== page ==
Brother Henry Arnold
June 25th 1886 – January 15th 1950
American general officer holding the grades of General of the Army and General of the Air Force. Arnold was an aviation pioneer, Chief of the Air Corps (1938–1941), Commanding General of the U.S. Army Air Forces, the only U.S. Air Force general to hold five-star rank, and the only officer to hold a five-star rank in two different U.S. military services. Arnold was also the founder of Project RAND, which evolved into one of the world’s largest non-profit global policy think tanks, the RAND Corporation, and one of the founders of Pan American World Airways.
Instructed in flying by the Wright Brothers, Arnold was one of the first military pilots worldwide, and one of the first three rated pilots in the history of the United States Air Force. He overcame a fear of flying that resulted from his experiences with early flight, supervised the expansion of the Air Service during World War I, and became a protégé of Gen. Billy Mitchell.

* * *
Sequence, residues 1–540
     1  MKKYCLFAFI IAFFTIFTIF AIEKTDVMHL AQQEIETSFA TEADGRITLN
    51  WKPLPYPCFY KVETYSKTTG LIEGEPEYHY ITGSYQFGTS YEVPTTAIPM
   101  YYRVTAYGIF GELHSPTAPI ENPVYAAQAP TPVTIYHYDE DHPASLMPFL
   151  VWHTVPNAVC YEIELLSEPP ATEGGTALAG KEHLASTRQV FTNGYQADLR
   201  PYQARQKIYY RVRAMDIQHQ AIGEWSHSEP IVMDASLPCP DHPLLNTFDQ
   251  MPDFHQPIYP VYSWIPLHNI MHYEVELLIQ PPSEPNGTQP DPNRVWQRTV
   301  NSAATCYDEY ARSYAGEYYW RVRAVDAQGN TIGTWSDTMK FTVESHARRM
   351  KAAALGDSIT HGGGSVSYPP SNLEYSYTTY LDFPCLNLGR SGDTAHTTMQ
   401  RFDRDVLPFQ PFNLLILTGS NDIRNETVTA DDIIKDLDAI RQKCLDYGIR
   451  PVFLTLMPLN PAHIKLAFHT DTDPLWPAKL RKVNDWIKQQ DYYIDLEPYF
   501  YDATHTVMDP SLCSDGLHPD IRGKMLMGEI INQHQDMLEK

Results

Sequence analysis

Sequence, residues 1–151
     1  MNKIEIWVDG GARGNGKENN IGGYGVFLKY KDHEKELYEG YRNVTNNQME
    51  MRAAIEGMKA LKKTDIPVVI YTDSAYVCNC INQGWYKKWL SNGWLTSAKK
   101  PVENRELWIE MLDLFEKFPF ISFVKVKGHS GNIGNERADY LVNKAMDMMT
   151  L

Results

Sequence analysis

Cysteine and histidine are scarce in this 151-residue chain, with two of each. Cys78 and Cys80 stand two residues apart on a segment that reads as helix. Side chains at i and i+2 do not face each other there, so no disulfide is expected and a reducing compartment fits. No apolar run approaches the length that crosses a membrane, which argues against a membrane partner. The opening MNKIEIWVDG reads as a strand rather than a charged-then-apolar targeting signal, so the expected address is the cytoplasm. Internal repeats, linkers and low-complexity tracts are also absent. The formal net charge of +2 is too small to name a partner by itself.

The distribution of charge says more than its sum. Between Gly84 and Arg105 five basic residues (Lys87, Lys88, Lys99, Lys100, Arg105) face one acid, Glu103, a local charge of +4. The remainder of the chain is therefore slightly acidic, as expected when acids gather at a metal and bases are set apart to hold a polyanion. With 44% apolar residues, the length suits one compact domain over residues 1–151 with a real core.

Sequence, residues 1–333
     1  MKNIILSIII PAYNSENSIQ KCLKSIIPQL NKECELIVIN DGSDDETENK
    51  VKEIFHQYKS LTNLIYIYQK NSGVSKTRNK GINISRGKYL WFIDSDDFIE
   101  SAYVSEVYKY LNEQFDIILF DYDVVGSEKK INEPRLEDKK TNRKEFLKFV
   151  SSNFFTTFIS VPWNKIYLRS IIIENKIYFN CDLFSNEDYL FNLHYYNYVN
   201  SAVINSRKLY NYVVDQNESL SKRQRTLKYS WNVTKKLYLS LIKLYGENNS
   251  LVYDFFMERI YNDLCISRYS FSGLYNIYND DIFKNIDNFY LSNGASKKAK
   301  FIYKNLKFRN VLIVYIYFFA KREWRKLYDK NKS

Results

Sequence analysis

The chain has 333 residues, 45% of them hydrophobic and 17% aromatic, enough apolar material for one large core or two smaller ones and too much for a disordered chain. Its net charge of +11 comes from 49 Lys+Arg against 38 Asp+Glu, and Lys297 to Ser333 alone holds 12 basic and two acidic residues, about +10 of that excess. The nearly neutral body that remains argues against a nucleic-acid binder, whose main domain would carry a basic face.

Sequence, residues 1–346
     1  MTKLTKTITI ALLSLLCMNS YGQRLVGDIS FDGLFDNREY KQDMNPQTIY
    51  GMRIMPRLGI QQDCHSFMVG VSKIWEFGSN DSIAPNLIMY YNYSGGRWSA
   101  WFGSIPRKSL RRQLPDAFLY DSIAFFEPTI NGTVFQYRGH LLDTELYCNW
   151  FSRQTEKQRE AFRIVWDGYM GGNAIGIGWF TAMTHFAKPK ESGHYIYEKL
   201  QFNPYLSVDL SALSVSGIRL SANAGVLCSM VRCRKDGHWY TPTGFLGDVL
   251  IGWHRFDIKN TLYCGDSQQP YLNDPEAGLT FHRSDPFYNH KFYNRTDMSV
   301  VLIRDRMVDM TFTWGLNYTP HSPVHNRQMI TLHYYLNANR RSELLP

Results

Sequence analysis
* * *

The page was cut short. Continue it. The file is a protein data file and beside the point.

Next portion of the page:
Arnold rose to command the Army Air Forces immediately prior to American entry into World War II and directed its hundred-fold expansion from an organization of little more than 20,000 men and 800 first-line combat aircraft into the largest and most powerful air force in the world. An advocate of technological research and development, his tenure saw the development of the intercontinental bomber, the jet fighter, the extensive use of radar, global airlift and atomic warfare as mainstays of modern air power.
Arnold’s most widely used nickname, “Hap,” was short for “Happy,” attributed variously to work associates when he moonlighted as a silent film stunt pilot in October 1911.